Preventing out-of stocks, eroded margins and missed opportunities 

A February 6th article in CFO Magazine reported that supply chain disruptions cut about 7% from a firm's share value, based on a recent study. The report, developed by the World Economic Forum and Accenture, is based on analysis of 62 supply chain disruptions from 2005 through 2011.

The findings say that share value starts falling about 10 days before the date the disruption is actually announced. Share prices generally don't start to bounce back until three months after the supply break has been announced.

The takeaway, according the report, is: "The longer it takes to resolve a disruption, the more negative is its impact. Firms need to develop the ability to quickly resolve problems and prevent escalation and worsening of the situation."

In the apparel world, share value is only part of the story. Brands and retailers who work with seasonal merchandise have limited margin for error. The window to sell spring garments at full price is open for just a handful of weeks.

A supply chain disruption that delays incoming seasonal merchandise has an immediate impact on business. The supply chain disruption factor is amplified - beyond shareholders - impacting sales, customer satisfaction, and overall brand identity.

Customers today are demanding, and they expect the items they want to be available anywhere - in-store, online or in-catalogue. They're shopping the aisles with tablets in hand, comparing goods and prices. If they don't see the merchandise or price that fits, they will shop elsewhere. So a misstep that fails to deliver goods has a ripple effect.

Getting back to the key takeaway from the World Economic Forum/Accenture report: Firms need to develop the ability to quickly resolve problems and prevent escalation and worsening of the situation. Apparel brands and retailers with vast supply networks in far-flung corners of the globe face significant challenges. But there's hope and opportunity. Where?

Businesses everywhere are embracing cloud technology. Brands and retailers are finding that cloud-based solutions are a reliable and efficient means for managing the global supply chain.

For example, instead of updating 10 or 20 trading partners regarding changes to the spring line order, a more collaborative approach, using the cloud, allows brands to post their updates in one place, where they are viewable by all relevant and authorised parties.

Connecting the entire supply network in the cloud opens the door to new possibilities for speed, efficiency, savings, visibility and agility. Processes from planning to purchase order, through settlement and delivery can be streamlined better when all parties are connected in the cloud.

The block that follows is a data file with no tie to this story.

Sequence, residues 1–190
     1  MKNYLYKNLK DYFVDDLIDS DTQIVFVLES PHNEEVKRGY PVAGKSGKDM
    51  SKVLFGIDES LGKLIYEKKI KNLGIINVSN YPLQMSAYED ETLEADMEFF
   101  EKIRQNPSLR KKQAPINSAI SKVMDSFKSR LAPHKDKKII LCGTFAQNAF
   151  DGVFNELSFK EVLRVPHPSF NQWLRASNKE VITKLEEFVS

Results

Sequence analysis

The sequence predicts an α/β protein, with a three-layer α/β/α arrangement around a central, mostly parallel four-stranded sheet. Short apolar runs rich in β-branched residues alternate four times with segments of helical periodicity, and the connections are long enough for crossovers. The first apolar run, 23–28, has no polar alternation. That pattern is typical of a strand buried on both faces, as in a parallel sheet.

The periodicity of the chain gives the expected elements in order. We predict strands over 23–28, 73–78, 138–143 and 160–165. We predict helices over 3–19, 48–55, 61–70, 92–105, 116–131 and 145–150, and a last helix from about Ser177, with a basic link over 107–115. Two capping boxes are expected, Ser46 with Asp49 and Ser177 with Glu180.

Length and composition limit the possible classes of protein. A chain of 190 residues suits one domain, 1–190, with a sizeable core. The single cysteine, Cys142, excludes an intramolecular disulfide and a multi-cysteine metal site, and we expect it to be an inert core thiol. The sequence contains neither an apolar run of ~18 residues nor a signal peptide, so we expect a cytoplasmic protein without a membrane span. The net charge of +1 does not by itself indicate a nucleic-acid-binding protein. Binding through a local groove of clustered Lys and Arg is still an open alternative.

How does this mitigate risk and the impact of supply chain delays? Here's a potential scenario:

A brand connects its entire network of manufacturers and trading partners on a cloud-based system to handle orders, production updates, delivery of goods and settlement. Each party interacts and fulfills its transaction obligation in a single cloud-based system.

A supplier receives an order, acknowledges receipt, submits important production updates and packs the goods to the retailer's specifications. The supplier completes the job, and hands the garments off to the logistics provider handling the transport, the next party in the transaction lifecycle.

These events are tracked in the system - and this is easy to enforce if the supplier also gets paid through the same cloud system. The brand's sourcing department is automatically informed in real time of any significant delays anywhere in the goods sourcing process. "Raw materials were shipped 4 days late" triggers a flag. Whether a delay originates in the availability of raw materials, during production or transportation, the brand is instantly alerted.

The brand starts the work day with exception alerts, which require immediate attention. But not only is the nature of the delay identified to the brand, it has also already been routed to the person responsible for handling that type of delay. This ensures the best use of time for everyone involved - and ensures enough time to find the best possible solution to preserve a full margin sale.

The biggest challenge to moving to a scenario such as the one described above is changing the way we think about communicating and collaborating with supply partners. Orders, amendments, work in process tracking, even invoice submission and payment, typically rely on a medley of emails, spreadsheets, phone calls and paper.

They shouldn't. Getting rid of the paper and other disjointed processes is the starting point. Automating these processes within a single cloud based system that becomes a control tower for the entire supply chain is the fundamental shift that can reshape the apparel supply chain.

In the scenario above, the brand is better informed of its orders at each stage in the process. In an automated workflow environment where "rule exceptions" or delays are flagged and escalated to the appropriate parties, there's more time to react. This gives the brand or retailer the best chance to deliver goods on time and maximize profits for the season.

About the Author
Lori Kinser works with retailers and brands to deploy cloud-based solutions for pack & scan, shipment building and work in process (WIP) tracking to extend supply chain visibility. As product manager for TradeCard, she leads the company's development of solutions for factory automation and production visibility. Kinser has more than 20 years of experience helping retailers and brands improve performance through effective use of business process management technology.